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Routing service failover in WCF 4

    Question

  • I've been reading up on WCF 4 Routing as a means to provide failover backuplists for my service. It all makes a lot of sense and seems fairly straightforward to implement.

    One thing I can't find info on though, is how I can provide failover for the required Routing Service? I'm trying to get away from a single point of failure, but the introduction of the Routing Service seems to bring that single point back in.

    Have I misunderstood something here, or is there a way around this?

    marcuswhitworth.com
    Monday, January 31, 2011 12:19 PM

Answers

  • A couple of things to think about with Routing Service failover

    As the others have said you can use something as simple as NLB for load balancing the routing service as its stateless. However, the send timeout configured in the routing service is important - bear in mind the following:

    1) If the primary service is dead then failover is fast and works great. However, if the primary service is *slow* and the send times out then it will take a while to failover to the backup. This cost is incurred for every message not just the first to failover. The routing service always tries the primary first. If you want different behavior you will have to build your own message filter. I did a screencast describing how to do this here: http://www.rocksolidknowledge.com/ScreenCasts.mvc

    2) If the primary is slow and you failover you do now know if the primary is already processing the message. This is fine for idempotent messages but for anything that mutates state you have to guard against processing the same request twice


    Richard Blewett, thinktecture - http://www.dotnetconsult.co.uk/weblog2
    Twitter: richardblewett
    Wednesday, February 02, 2011 8:33 AM
    Moderator
  • Yes, to prevent the routing service itself to go down, a load balanced solution is required. You can either setup your own web farm, or use a public cloud solution like Windows Azure.
    Lante, shanaolanxing This posting is provided "AS IS" with no warranties, and confers no rights.
    Windows Azure Technical Forum Support Team Blog
    Wednesday, February 02, 2011 5:10 AM

All replies

  • Hello, do you mean if the failover service itself fails, you want to provide an additional failover service? Yes, this is supported. You can add multiple endpoints to the backupList: http://msdn.microsoft.com/en-us/library/ee816906.aspx.
    Lante, shanaolanxing This posting is provided "AS IS" with no warranties, and confers no rights.
    Windows Azure Technical Forum Support Team Blog
    Tuesday, February 01, 2011 2:13 AM
  • No, I'm more wondering what happens if the Routing Service itself goes down?  I could have 10 failover servers for my actual service, but if the Routing Service goes down then it would seem I'm no better off than I was before?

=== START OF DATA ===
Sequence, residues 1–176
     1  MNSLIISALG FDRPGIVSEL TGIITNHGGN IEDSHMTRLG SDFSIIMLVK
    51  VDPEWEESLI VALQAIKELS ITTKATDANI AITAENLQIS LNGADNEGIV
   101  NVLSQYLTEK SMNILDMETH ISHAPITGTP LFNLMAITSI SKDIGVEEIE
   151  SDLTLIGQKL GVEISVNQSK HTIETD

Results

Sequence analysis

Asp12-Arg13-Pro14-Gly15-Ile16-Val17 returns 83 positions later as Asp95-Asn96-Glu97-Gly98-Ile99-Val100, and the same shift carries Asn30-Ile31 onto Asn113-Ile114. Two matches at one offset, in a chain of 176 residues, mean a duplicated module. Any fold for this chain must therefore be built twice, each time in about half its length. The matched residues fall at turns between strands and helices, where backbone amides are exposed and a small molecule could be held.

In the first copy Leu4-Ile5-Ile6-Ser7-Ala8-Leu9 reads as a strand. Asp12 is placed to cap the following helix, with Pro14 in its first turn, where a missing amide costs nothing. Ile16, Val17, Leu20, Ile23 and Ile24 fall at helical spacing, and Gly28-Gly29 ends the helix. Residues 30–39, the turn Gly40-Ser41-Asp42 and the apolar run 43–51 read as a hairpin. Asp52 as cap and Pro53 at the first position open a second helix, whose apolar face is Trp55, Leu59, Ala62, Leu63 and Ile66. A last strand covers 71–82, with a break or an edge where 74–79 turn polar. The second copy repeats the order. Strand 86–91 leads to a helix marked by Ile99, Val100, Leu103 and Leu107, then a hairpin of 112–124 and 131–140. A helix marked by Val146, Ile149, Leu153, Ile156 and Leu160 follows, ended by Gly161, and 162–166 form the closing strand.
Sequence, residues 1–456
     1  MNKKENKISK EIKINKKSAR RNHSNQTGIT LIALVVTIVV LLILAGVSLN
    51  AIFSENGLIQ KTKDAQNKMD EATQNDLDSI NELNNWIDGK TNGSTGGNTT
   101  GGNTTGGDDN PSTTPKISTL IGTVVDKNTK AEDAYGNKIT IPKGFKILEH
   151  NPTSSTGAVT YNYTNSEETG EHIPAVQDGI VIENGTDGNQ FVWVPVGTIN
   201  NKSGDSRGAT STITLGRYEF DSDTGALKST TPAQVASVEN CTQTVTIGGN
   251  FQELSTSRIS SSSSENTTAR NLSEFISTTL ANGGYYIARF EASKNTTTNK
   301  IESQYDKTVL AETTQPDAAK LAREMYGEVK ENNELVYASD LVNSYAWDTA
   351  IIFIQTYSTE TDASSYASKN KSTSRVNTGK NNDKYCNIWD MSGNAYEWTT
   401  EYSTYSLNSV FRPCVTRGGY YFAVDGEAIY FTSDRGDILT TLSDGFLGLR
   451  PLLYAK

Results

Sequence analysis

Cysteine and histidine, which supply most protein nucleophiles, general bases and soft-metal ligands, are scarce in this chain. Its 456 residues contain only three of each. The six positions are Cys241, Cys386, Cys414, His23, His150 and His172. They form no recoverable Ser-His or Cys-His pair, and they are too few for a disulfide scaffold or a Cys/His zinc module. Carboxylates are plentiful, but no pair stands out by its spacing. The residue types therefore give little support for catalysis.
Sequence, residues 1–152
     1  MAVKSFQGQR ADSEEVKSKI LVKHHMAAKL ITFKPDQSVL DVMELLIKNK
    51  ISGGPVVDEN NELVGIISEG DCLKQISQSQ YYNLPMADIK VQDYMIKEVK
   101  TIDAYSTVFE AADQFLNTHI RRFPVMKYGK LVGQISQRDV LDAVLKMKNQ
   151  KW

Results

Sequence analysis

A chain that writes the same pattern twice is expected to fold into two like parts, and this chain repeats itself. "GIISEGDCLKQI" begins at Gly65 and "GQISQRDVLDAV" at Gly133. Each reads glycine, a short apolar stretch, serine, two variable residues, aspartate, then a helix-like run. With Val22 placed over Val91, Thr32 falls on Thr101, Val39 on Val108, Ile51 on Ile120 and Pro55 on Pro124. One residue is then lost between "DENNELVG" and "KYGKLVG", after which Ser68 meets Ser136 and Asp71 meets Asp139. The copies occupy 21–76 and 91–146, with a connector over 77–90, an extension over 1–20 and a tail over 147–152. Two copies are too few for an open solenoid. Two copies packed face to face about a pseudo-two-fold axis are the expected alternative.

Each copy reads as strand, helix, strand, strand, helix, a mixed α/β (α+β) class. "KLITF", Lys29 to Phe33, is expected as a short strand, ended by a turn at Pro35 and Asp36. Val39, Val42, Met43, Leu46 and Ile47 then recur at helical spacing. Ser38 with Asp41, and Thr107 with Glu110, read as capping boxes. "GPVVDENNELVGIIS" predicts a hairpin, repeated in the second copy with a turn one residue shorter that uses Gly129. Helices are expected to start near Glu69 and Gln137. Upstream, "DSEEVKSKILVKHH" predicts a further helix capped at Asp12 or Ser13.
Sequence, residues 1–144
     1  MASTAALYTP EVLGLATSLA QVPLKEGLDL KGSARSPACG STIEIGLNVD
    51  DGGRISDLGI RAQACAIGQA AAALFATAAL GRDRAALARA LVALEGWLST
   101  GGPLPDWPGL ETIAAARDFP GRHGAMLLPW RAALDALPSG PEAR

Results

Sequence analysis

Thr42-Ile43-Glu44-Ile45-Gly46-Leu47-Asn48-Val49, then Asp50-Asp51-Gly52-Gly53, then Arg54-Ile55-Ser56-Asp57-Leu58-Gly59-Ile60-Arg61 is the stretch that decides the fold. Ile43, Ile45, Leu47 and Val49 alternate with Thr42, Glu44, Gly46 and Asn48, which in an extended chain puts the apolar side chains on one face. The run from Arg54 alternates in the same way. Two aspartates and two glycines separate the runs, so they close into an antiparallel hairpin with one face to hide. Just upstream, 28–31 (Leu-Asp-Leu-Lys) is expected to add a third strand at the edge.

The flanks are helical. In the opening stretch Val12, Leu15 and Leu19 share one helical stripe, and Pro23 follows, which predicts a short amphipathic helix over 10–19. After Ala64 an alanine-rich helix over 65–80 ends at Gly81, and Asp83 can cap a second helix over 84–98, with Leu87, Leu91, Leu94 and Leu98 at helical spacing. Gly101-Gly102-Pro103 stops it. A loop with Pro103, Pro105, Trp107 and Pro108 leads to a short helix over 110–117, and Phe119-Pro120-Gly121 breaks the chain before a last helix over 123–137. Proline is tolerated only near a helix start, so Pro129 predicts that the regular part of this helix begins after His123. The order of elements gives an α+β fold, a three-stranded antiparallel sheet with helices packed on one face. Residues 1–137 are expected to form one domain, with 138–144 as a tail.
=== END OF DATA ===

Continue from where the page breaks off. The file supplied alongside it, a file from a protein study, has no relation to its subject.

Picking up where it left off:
marcuswhitworth.com
    Tuesday, February 01, 2011 9:33 AM
  • This is just a thought and something I'm working on myself at the moment.  You could build out a WebFarm and host the routing service in AppFabric. 


    Sharpester
    Tuesday, February 01, 2011 10:55 PM
  • Yes, to prevent the routing service itself to go down, a load balanced solution is required. You can either setup your own web farm, or use a public cloud solution like Windows Azure.
    Lante, shanaolanxing This posting is provided "AS IS" with no warranties, and confers no rights.
    Windows Azure Technical Forum Support Team Blog
    Wednesday, February 02, 2011 5:10 AM
  • A couple of things to think about with Routing Service failover

    As the others have said you can use something as simple as NLB for load balancing the routing service as its stateless. However, the send timeout configured in the routing service is important - bear in mind the following:

    1) If the primary service is dead then failover is fast and works great. However, if the primary service is *slow* and the send times out then it will take a while to failover to the backup. This cost is incurred for every message not just the first to failover. The routing service always tries the primary first. If you want different behavior you will have to build your own message filter. I did a screencast describing how to do this here: http://www.rocksolidknowledge.com/ScreenCasts.mvc

    2) If the primary is slow and you failover you do now know if the primary is already processing the message. This is fine for idempotent messages but for anything that mutates state you have to guard against processing the same request twice


    Richard Blewett, thinktecture - http://www.dotnetconsult.co.uk/weblog2
    Twitter: richardblewett
    Wednesday, February 02, 2011 8:33 AM
    Moderator